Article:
Who will build a fleet for NGADs for the U.S. Air Force? Lockheed Martin famously edged out its aerospace rivals a generation ago in the Advanced Tactical Fighter (ATF) program, and the result was the world’s first “fifth-generation” combat aircraft, the F-22 Raptor. However, ATF competitor Northrop Grumman is now developing the B-21 Raider, which is set to take its maiden flight next year.
The big question – the multi-billion dollar question in fact – is which U.S. defense contractor(s) will be selected to develop and build the United States Air Force’s sixth-generation jet. Given that the Next Generation Air Dominance (NGAD) could be operating into possibly the early 22nd century, it could be seen as a considerable deal for whichever comes wins the contract.
According to a report this week from Breaking Defense, while Air Force Secretary Frank Kendall has declined to say when the service will choose a manufacturer of the aircraft, he said that a “final downselect” is “not all that far away.”
Kendell, who was attending last week’s Royal International Air Tattoo at Royal Air Force (RAF) Fairford in Gloucestershire, England, added, “It’s not imminent but it’s not all that far away,” and suggested, “There’s a little hint I’ll drop for you.”
To date, the Air Force has only confirmed three elements of the NGAD program, and those include a manned, sixth-generation fighter, the AIM-260 Joint Advanced Tactical Missile currently under development, and a suite of drones — which Kendall told Breaking Defense that it is a “collaborative combat aircraft” that could augment the manned fighter in battle.
This follows the news from last month that the NGAD fighter had reached the engineering, manufacturing, and development stage. Yet, Kendall had previously indicated that there is still ongoing competition for NGAD, which could raise questions on exactly how far along the program might actually be – even as the Air Force’s top civilian official has said that NGAD would have a traditional prime contractor.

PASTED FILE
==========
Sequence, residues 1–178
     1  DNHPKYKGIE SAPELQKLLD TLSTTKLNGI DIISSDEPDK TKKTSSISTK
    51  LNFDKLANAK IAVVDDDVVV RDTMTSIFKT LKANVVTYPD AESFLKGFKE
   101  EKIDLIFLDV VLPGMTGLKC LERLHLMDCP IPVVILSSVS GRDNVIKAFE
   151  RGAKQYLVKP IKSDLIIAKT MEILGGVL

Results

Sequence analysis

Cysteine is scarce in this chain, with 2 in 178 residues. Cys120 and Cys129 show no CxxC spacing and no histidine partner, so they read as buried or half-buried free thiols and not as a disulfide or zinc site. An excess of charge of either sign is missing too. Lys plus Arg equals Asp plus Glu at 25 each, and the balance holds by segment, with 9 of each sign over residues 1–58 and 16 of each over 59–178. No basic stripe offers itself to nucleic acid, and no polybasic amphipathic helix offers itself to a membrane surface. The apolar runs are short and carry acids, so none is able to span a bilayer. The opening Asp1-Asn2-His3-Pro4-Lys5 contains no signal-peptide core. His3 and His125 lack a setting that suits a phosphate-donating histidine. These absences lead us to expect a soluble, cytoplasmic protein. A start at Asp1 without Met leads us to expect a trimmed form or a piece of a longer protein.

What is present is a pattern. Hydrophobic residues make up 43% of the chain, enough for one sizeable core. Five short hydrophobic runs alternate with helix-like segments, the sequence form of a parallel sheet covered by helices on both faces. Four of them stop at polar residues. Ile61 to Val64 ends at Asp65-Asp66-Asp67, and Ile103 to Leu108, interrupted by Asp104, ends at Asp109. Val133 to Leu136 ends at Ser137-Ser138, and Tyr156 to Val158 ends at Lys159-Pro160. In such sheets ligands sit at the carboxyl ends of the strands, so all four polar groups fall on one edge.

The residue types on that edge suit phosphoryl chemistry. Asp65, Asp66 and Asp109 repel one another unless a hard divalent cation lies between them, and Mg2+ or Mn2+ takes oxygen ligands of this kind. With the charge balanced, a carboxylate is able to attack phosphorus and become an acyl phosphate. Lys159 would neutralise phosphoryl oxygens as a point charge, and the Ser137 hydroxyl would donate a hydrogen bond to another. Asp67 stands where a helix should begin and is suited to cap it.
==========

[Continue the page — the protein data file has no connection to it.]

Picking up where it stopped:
It has been almost two years since reports circulated that the Air Force had secretly designed, built, and flown at least one prototype of its enigmatic next-generation fighter jet. It remains unclear which defense contractors may have played a role in developing the prototype.
“What we did was an experimental prototype,” Secretary Kendall said in June. “We basically had an X-plane program which was designed to reduce the risk of some of the key technologies that we would need for a production program.”
To date, Boeing, Lockheed Martin, and Northrop Grumman have been seen as potential manufacturers that could be competing to build the NGAD. As noted, Lockheed Martin could have an edge in that it was the lead contractor with the F-22 and is currently producing the lead contractor on the F-35, the world’s most capable aircraft flying today. Northrop Grumman also makes the shortlist as it is developing the B-21, while it along with McDonnell Douglas had developed the YF-23 – a finalist in the Air Force’s ATF competition.
Boeing’s advantage could come from its efforts with unmanned aerial vehicles (UAVs), while its X-32 was a contender in the Joint Strike Fighter competition that led to the development of the F-35.
Regardless of which contractor eventually wins out, the Air Force has announced plans to field the NGAD by the end of the decade. The final question is how many aircraft the service will eventually acquire.
Now a Senior Editor for 1945, Peter Suciu is a Michigan-based writer who has contributed to more than four dozen magazines, newspapers and websites. He regularly writes about military hardware, firearms history, cybersecurity and international affairs. Peter is also a Contributing Writer for Forbes.